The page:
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How some companies are manipulated by majority shareholders

How some companies are manipulated by majority shareholders

How do some directors and/or majority shareholders manipulate a company to the disadvantage of other shareholders?

Unfortunately, manipulation of a company’s finances is not that unusual. One of the most obvious ways that this occurs is by minimizing the company profits and thereby having little or no dividends to be distributed to shareholders. The main shareholders, who may also be directors, will use the company’s finances for their won benefit, perhaps paying themselves significant amounts on service contracts or as employees. Finances may be utilized in all manner of ways that may be lawful, but which benefit individuals, such as company cars or other benefits, health insurance, business trips and other expenses.

Another example is where resources are diverted or manipulated for the benefit of related people or businesses – perhaps the company may do business with a company owned by the majority shareholders even where the terms offered are only really advantageous to the other company.

Other tactics might include loans to directors which carry no interest and where the company has no intention of pursuing repayment.

Sale of the company may be another opportunity to disadvantage unprotected minority shareholders. The business may be sold on terms which are only advantageous to those in control, as directors and/or majority shareholders. A sale may be mooted to a related entity, owned or controlled, directly or indirectly by the majority owners.

The above are just a few examples. As explained above, many shareholders would think that such actions would be regulated and prohibited by law – unfortunately, this isn’t the case, unless there is clear fraud or perhaps tax avoidance or manipulation. Even in those situations, the minority shareholder may suffer financially before any action is taken against wrongdoers.

How does a shareholder enforce his/ her rights?

There are various options, including –

  • if there is a shareholders agreement, and other parties are in breach, take action for damages based on breach of contract
  • in extreme circumstances, an injunction might be a [possibility, although it is high risk and not a remedy easily given with a shareholders dispute
  • submit a resolution and seek to call a formal meeting of the company to redress the situation
  • get good legal advice as soon as possible – it may be necessary to compile evidence before seeking to take action – this is especially the case since it is a feature of cases of alleged corporate manipulation and unfair prejudice that the aggrieved shareholder has difficulty in getting access to documents and information to clearly show what has happened.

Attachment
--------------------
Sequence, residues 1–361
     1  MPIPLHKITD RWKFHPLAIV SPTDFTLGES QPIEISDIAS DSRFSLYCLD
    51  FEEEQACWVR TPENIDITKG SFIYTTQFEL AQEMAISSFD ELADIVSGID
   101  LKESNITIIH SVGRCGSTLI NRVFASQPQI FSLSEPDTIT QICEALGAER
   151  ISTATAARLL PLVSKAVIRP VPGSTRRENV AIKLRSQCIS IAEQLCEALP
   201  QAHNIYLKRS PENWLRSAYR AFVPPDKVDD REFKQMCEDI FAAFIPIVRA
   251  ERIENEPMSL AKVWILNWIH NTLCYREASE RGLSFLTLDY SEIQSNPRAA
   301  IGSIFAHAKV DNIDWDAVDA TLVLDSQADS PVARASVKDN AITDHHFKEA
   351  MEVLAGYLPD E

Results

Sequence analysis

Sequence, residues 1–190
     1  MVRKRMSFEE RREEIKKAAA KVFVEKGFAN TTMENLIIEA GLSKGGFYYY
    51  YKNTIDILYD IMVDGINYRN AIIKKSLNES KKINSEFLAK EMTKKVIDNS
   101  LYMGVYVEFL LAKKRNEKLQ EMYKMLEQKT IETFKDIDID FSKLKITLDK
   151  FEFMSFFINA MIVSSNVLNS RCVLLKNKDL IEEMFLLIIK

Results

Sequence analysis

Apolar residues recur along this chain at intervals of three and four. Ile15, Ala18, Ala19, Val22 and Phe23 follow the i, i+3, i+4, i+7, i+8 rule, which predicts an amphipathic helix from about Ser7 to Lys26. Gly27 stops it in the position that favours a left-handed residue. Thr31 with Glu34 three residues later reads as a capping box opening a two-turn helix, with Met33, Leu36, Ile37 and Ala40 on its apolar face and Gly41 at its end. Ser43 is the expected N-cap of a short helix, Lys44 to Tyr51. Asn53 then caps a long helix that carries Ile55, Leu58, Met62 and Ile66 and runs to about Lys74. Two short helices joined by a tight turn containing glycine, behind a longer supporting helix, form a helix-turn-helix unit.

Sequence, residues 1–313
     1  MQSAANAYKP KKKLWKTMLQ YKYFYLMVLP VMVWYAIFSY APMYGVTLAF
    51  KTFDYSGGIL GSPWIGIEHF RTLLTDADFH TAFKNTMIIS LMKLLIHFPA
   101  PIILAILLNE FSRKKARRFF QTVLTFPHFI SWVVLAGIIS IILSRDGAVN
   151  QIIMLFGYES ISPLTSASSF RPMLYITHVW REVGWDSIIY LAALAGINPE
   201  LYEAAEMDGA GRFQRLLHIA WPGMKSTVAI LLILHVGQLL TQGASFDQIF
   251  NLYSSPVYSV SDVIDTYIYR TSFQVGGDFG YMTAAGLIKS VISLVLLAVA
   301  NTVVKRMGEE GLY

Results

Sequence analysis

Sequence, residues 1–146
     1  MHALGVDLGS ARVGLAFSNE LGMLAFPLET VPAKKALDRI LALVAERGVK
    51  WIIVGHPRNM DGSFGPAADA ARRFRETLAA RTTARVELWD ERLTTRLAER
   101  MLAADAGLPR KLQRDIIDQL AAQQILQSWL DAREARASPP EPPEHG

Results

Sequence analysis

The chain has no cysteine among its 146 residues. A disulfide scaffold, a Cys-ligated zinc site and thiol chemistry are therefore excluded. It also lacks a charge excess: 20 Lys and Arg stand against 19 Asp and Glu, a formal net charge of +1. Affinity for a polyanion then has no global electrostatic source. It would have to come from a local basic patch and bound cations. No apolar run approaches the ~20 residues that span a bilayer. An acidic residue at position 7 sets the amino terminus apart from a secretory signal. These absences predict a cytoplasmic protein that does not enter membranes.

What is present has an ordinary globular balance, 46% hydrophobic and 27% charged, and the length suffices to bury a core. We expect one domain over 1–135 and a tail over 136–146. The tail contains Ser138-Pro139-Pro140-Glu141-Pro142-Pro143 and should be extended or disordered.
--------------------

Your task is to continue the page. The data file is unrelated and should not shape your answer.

• if there are a number of shareholders, discreetly seek to find out if other minority shareholders are aware of concerns or are similarly aggrieved. Complaints from an isolated shareholder may not be considered a particular threat where there are several others not on side.
  • asking the DTI’s Investigations Branch to investigate the conduct of the company and/or its directors – this is a stringent step and should be very carefully considered before being auctioned.
  • using an experienced commercial mediator to try to resolve the dispute – however this cannot be forced on the parties.
  • asking the board of directors to take action in the company’s name against an individual director (known as a derivative action)
  • applying to court based on unfair prejudice.
  • make an application to court for the company to be wound up

Unfair Prejudice

As described earlier in this post, English law largely leaves it to shareholders to regulate matters between them – this in turn raises something of a presumption that a shareholder who recognizes the need to protect his or her interests will ensure that there is a shareholder agreement in place and suitable articles of association. The absence of these may well lead a court to adopt the starting point that the court ought not to interfere.

Having said this, some situations which, based on case law, with appropriate evidence, might lead to a finding of unfair prejudice include :-

  • being excluded from management and decision making and generally not being kept informed of strategic decisions or a refusal to provide reasonable information.
  • diverting business to related businesses owned by the majority shareholders).
  • use of the company for personal gain such as the majority shareholder paying themselves excessive amounts, either directly or indirectly.
  • abuses of power and breaches of the articles of association

If you are having problems with other shareholders or believe that you are being prejudiced by unfair or manipulative behaviour by the majority or other shareholders, I can help. Get in touch to discuss your situation.